Inspired by conversations with Nick Bollweg and Matt Rocklin, I experimented with using conda constructor as the installer for The Littlest JupyterHub. Theoretically, it fit the bill perfectly - I wanted a way to ship arbitrary packages in multiple languages (python & node) in an easy to install self-contained way, didn’t want to make debian packages & wanted to use a tool that people in the Jupyter ecosystem were familiar with. Constructor seemed to provide just that.

I sortof got it working, but in the end ran into enough structural problems that I decided it isn’t the right tool for this job. This blog post is a note to my future self on why.

This isn’t a ‘takedown’ of conda or conda constructor - just a particular use case where it didn’t work out and a demonstration of how little I know about conda. It probably works great if you are doing more scientific computing and less ‘ship a software system’!

## Does not work with conda-forge

I <3 conda-forge and the community around it. I know there’s a nice jupyterhub package there, which takes care of installing JupyterHub, node, and required node modules.

However, this doesn’t actually work. conda constructor does not support noarch packages, and JupyterHub relies on several noarch packages. From my understanding, more conda-forge packages are moving towards being noarch (for good reason!).

Looking at this issue, it doesn’t look like this is a high priority item for them to fix anytime soon. I understand that - they don’t owe the world free work! It just makes conda constructor a no-go for my use case…

## No support for pip

You can pip install packages in a conda environment, and they mostly just work. There are a lot of python packages on PyPI that are installable via pip that I’d like to use. constructor doesn’t support bundling these, which is entirely fair! This PR attempted something here, but was rejected.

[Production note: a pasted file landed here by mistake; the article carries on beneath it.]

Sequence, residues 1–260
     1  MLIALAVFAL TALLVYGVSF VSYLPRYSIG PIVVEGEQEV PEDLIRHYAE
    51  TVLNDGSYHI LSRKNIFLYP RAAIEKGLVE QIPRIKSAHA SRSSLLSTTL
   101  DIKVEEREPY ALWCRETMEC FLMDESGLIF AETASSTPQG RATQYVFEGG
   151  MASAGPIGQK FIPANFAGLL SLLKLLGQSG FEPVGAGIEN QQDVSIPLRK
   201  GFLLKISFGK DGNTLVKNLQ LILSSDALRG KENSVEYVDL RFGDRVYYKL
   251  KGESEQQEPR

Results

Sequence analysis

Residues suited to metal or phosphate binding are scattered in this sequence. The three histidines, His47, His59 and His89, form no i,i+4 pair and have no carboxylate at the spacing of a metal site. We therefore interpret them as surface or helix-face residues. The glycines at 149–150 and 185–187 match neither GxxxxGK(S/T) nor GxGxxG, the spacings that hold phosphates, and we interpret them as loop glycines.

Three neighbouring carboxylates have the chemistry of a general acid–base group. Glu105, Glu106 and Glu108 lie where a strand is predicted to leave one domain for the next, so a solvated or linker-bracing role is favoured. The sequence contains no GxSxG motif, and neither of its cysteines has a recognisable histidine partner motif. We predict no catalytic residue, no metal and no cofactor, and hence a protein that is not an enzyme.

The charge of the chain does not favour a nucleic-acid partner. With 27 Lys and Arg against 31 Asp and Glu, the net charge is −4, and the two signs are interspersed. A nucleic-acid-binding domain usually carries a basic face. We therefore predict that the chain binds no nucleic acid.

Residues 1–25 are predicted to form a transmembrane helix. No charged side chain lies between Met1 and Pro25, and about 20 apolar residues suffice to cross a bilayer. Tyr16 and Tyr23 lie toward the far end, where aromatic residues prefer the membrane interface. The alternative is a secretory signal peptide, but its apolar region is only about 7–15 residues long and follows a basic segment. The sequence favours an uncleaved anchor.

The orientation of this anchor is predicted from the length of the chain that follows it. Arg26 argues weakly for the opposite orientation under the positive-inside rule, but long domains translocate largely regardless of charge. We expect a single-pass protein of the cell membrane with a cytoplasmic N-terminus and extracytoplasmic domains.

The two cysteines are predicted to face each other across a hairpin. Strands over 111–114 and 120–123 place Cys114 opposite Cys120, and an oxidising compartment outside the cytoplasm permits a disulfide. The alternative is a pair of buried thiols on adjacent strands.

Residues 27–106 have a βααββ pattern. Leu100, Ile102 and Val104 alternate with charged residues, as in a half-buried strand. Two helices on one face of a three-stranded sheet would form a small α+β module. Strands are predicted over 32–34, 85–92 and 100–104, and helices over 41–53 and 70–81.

So if I want to keep using packages that don’t exist in conda-forge yet but do exist in pip, I would have to make sure these packages and all their dependencies exist as conda packages too. This would be fine if constructor was giving me enough value to justify it, but right now it is not. I’ve also tried going down a similar road (cough debian cough) and did not want to do that again :)

## Awkward post-install.bash

I wanted to set up systemd units post install. Right off the bat this should have made me realize conda constructor was not the right tool for the job :D The only injected environment variable is \$PREFIX, which is not super helpful if you wanna do stuff like ‘copy this systemd unit file somewhere’. I ended up writing a small python module that does all these things, and calling it from post-install. However, even then I couldn’t pass any environment variables to it, making testing / CI hard.

## Current solution

Currently, we have a bootstrap script that downloads miniconda, & bootstraps from there to a full JupyterHub install. Things like systemd units & sudo rules are managed by a python module that is called from the bootstrap script.